Star InactiveStar InactiveStar InactiveStar InactiveStar Inactive
 

A technique for observing the temperature, direction, and magnitude of thermally induced transitions in a material by heating/cooling a sample and comparing its temperature with that of an inert reference material under similar conditions.

Latest Articles

  • Use of diamonds

    Diamond is a crystalline modification of pure carbon formed in the deep interior of the Earth, in the upper mantle at depths of more than 80-100 kilometers, at exceptionally high pressure and temperature. It is the most precious stone, the hardest and most wear-resistant mineral, the most...

  • Harmful Chemicals Found In Food

    It's getting close to New Years and many people are starting to think about how to lose those extra pounds they managed to gain over the holidays. There are many sorts of diets and fads that have developed over the years from cutting carbs to cutting protein. Everyone has their own opinion as to...

  • What are Compound Microscopes?

    Most of the microscopes used today are compound. A compound microscope features two or more lenses. A hollow cylinder called the tube connects the two lenses. The top lens, the one people look through, is called the eyepiece. The bottom lens is known as the objective lens. Below the two lenses is...

  • Features of the Scanning Tunneling Microscope

    The scanning tunneling microscope (STM) invented by Heinrich Rohrer and Gerd Binnig in the 1980s still manages to do a great job today and competes with more advanced microscope types. The scanning tunneling microscope is used for studying the surface atoms that are found on various materials. The...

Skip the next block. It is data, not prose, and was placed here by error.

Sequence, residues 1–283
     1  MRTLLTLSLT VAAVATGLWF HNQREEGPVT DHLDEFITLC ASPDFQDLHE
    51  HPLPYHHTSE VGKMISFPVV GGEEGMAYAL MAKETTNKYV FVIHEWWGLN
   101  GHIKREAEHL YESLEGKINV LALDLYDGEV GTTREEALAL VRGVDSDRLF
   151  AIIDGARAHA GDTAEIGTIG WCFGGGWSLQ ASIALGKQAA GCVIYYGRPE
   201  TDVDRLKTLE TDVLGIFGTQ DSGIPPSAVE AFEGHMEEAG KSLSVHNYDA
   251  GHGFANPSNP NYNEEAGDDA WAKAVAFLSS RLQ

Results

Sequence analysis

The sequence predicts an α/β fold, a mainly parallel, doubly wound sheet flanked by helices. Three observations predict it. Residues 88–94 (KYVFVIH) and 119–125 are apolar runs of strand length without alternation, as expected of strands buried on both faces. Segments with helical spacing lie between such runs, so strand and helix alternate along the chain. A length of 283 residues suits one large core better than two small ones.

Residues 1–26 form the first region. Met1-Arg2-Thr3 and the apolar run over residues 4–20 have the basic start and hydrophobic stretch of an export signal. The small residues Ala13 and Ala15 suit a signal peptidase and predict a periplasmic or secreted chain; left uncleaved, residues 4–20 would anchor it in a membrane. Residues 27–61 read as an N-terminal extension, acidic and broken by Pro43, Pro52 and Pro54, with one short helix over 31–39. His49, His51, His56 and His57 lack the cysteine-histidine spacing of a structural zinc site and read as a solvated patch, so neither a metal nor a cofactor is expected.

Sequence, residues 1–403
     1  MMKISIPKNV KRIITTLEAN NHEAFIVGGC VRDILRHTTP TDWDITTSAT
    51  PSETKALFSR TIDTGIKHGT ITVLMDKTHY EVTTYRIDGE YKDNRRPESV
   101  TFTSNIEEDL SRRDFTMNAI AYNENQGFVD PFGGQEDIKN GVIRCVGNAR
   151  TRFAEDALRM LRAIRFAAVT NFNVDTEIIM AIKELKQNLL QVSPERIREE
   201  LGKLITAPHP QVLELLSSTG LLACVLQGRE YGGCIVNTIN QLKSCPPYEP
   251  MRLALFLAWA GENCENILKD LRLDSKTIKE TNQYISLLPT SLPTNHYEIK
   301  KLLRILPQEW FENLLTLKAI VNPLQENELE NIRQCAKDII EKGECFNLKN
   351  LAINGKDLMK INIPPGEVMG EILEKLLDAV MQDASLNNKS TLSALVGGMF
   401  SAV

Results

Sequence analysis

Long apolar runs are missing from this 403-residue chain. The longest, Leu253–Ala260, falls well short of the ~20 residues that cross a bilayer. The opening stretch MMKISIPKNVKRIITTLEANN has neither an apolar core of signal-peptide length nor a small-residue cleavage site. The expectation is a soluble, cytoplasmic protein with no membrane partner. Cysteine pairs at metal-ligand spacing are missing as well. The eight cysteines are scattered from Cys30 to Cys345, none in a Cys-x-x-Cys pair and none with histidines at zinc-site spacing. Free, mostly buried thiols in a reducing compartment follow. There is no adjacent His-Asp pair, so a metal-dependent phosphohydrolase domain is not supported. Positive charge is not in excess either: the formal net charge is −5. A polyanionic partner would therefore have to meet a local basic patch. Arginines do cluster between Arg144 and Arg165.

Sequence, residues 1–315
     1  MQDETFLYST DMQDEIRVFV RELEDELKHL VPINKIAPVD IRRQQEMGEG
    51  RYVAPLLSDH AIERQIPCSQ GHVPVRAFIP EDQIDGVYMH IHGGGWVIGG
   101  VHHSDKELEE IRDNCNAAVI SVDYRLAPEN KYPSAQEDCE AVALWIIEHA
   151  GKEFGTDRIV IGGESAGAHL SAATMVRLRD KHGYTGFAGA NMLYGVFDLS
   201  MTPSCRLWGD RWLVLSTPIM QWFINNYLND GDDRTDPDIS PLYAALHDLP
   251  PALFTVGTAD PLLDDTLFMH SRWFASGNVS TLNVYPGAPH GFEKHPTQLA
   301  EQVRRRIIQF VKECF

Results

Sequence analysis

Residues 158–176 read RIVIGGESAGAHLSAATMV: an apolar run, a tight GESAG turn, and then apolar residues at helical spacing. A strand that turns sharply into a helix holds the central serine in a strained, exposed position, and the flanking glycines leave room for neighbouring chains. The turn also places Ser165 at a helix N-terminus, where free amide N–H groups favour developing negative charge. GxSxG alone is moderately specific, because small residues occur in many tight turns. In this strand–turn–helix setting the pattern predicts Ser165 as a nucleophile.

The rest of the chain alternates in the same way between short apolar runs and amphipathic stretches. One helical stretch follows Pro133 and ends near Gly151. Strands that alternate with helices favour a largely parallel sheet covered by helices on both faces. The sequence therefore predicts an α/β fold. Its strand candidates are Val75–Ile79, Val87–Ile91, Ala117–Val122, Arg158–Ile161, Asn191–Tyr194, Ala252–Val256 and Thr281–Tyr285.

• Protein Design: Automated protein discovery and synthesis

    In this paper I describe (theoretically) the method(s) of automated protein discovery and synthesis.



Most Popular

Periodic Table of Elements

An arrangement of elements in order of increasing atomic numbers that also emphasizes periodicity.

Enthalpy

The heat content of a specific amount of substance, defined as E= PV.

Diagonal Similarities

Refers to chemical similarities in the Periodic Table of elements of Period 2 to elements of Period 3 one group to the right, especially evident toward the left of the periodic table.

Electron

A subatomic particle having a mass of 0.00054858 amu and a charge of 1-.

Faraday's Law of Electrolysis

One equivalent weight of a substance is produced at each electrode during the passage of 96,487 coulombs of charge through an electrolytic cell.

Standard Electrode Potential

By convention, potential, Eo, of a half-reaction as a reduction relative to the standard hydrogen electrode when all species are present at unit activity.

 

Hydrometer

A device used to measure the densities of liquids and solutions.

Gamma Ray

High energy electromagnetic radiation. A highly penetrating type of nuclear radiation similar to x-ray radiation, except that it comes from within the nucleus of an atom and has a higher energy. Energywise, very similar to cosmic ray except that cosmic rays originate from outer space.

Photochemical Smog

A brownish smog occurring in urban areas receiving large amounts of sunlight, caused by photochemical (light-induced) reactions among nitrogen oxides, hydrocarbons and other components of polluted air that produce photochemical oxidants.

 

Viscosity

Resistance offered by the molecules of a liquid to flow is termed as viscosity.